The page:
I’ve known Joe Lutz for at least 15 years. I like Joe Lutz. Should he be your next City Commissioner? Well, you can watch the video and make your mind up
once I post it. This was his first public speech, and his “website” went live today. I think his header says a lot:
The meeting was at the beautiful Kroc Center, and hosted by the McCook Field Neighborhood Association. There were about 8 neighbors there to hear 3 candidates and two proxies. Jeff Mims was busy being a politician in Columbus and Joey Williams was in Boston being a banker. This was an unusual format- 20 minutes each- and you could use a projector. I led off with my slide deck and my “command voice.” Yes, I might sound scary, but afterward a voter came up to me and said, “if the rest of them wanted to be heard or elected, they should have brought a microphone- you’ve got my vote.”
I’ll hope to have video up on Wednesday. I may put the deck up on Slideshare.
David Greer talked about his history and his civic involvement. He wants a responsive city hall. He only used 11 minutes. Then came Joe Lutz. He went the full 20 minutes and was all over the place- literally. You’ll have to watch the video- flapping arms, theatrically posing- it was a sight to be seen. If you can hear him is another matter. I thought about bringing my PA out with me, but, why is it my job to make sure you can hear these other people? At least I try to share via video.
Lutz’s position is on his “website” – it’s really only one page- and look at the URL- it’s not even on its own account.
HOUSING and OUR LONG TERM FINANCIAL FUTURE: My main issue-Imagine, if you will, a run down house in the city. It is blighting the neighborhood, lowering home prices, fostering crime, and making the neighborhood less attractive to nearby residents. One solution is to demolish the house. We then incur a cost of roughly $10,000, the actual demolition costs plus future maintenance costs of the vacant lot. There is a greater cost incurred by the city: the loss of future revenues from income taxes of future residents, property taxes, and fees for water and trash pickup. A conservative estimate of lost revenues is $1,500 per year. At current interest rates, this recurring income stream of $1,500 per year is worth roughly $25,000 today. Think of it as a reverse mortgage on the house. Add up the $1,500 payments for 20-30 years, discount the payments at something like 4%, and you’ll get a present value around $25,000. Assuming that no new house will be built atop the vacant lot, once the house is demolished that $25,000 is lost. Suppose now that instead of demolishing this tired house, the home is restored. The city does not incur the $10,000 demolition cost and the home continues generating revenues worth $25,000. The net gain to the vity and our schools is roughly $35,000.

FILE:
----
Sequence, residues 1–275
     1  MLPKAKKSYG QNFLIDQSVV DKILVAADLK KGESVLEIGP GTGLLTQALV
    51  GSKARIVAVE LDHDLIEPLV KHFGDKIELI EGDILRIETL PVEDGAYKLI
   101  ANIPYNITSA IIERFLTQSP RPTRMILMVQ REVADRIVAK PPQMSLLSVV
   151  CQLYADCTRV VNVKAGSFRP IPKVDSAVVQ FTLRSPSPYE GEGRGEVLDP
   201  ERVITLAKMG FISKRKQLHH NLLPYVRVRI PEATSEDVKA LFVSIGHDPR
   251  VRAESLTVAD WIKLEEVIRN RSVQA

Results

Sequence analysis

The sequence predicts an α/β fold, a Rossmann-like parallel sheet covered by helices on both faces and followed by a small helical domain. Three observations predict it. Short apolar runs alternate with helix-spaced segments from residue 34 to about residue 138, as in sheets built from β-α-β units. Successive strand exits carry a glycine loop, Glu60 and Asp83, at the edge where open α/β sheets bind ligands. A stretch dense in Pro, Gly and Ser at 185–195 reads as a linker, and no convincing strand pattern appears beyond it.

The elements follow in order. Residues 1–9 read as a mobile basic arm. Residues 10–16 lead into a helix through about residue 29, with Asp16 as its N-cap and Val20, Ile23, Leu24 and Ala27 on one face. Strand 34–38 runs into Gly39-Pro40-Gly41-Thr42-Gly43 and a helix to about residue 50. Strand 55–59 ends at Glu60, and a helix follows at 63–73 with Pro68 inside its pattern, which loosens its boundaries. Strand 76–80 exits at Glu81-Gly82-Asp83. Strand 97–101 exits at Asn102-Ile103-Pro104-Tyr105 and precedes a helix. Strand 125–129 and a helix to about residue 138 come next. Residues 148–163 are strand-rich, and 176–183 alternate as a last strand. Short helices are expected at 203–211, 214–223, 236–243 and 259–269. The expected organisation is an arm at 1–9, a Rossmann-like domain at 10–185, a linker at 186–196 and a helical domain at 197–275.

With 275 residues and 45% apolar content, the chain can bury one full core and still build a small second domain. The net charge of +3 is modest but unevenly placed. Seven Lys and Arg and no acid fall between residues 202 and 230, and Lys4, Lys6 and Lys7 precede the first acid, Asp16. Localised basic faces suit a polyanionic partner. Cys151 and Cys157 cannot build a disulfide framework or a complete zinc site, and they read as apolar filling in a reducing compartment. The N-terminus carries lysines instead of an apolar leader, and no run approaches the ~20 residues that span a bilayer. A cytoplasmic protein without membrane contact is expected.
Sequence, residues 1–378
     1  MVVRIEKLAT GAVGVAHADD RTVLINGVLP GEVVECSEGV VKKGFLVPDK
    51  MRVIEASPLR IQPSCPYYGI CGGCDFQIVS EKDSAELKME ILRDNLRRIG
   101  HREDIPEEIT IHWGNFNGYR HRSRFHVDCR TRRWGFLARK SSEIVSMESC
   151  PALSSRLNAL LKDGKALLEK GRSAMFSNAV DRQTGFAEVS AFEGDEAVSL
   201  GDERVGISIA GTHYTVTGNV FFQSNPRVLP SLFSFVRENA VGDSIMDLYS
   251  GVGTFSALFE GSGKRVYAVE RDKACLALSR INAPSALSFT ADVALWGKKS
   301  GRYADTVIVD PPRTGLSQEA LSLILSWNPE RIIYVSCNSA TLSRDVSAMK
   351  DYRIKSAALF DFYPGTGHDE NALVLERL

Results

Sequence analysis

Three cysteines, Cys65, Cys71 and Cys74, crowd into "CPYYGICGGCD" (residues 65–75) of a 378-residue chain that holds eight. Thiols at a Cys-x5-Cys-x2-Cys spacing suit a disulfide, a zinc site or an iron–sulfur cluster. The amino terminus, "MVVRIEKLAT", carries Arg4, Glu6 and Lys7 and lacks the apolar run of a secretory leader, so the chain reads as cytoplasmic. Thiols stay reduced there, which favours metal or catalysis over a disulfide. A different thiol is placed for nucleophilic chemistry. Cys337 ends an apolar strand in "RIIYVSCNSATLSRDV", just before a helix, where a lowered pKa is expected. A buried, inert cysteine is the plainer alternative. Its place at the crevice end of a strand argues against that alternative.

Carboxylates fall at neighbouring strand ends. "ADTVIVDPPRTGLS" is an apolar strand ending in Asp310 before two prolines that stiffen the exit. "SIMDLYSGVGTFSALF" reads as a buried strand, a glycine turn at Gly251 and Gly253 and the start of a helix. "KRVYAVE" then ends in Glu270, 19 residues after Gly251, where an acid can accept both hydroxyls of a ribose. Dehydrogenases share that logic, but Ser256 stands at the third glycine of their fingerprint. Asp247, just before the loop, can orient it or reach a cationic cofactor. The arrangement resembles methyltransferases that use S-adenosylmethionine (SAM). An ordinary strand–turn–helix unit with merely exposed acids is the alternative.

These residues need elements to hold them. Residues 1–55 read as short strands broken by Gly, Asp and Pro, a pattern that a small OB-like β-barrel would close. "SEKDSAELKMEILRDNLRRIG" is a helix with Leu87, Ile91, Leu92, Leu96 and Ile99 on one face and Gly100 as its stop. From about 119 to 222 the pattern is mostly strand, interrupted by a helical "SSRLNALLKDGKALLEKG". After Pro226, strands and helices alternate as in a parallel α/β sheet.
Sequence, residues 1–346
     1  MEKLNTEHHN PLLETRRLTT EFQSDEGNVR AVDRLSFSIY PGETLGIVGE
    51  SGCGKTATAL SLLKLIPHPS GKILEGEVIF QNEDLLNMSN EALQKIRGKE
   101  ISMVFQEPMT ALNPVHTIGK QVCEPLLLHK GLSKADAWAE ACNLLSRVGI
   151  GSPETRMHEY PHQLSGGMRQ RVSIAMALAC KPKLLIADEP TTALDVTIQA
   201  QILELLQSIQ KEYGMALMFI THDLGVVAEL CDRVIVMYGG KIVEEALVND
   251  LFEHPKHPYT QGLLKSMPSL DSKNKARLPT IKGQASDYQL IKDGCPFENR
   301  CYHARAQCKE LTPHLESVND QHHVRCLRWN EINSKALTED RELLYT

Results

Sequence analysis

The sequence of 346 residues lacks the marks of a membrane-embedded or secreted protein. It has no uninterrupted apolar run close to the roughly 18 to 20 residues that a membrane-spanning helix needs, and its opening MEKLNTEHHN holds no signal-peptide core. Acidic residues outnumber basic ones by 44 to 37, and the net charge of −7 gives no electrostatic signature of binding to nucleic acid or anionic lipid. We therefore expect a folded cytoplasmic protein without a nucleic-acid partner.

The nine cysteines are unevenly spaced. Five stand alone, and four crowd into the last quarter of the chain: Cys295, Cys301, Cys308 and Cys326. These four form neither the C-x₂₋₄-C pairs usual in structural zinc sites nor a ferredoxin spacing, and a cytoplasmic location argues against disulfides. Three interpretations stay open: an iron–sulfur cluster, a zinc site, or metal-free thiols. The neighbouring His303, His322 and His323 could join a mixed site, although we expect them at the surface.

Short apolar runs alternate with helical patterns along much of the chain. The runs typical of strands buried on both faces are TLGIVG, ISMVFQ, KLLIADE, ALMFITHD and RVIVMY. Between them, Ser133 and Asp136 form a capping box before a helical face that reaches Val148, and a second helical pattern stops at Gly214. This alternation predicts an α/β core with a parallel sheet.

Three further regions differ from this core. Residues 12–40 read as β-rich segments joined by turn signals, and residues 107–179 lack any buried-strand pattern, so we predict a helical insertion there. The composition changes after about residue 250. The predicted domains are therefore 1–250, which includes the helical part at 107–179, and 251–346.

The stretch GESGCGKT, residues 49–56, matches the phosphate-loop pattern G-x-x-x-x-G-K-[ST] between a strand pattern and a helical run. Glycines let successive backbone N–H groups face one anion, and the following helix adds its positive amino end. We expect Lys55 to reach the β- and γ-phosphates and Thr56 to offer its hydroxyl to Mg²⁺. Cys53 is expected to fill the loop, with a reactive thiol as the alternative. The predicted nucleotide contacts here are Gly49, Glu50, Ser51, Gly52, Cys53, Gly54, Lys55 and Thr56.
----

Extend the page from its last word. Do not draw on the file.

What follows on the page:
Not only is he advocating the exact opposite of what I believe in, he even thinks Dayton should try to be like Oakwood. He advocates for the same law A.J. Wagner is pushing for- except A.J. only wants to do it on absentee landlords- that is a vacant house registry- and all homes must be brought up to code before sale. Lutz also believes it’s our job to pick favorites and fund companies who want to move here.
So, I should pay my taxes to fix up my neighbor’s dump, so someone else can move in? Really?
How about if we stick to paying taxes for services that benefit all of us- and provide the services we expect from government?
Is that too much to ask for?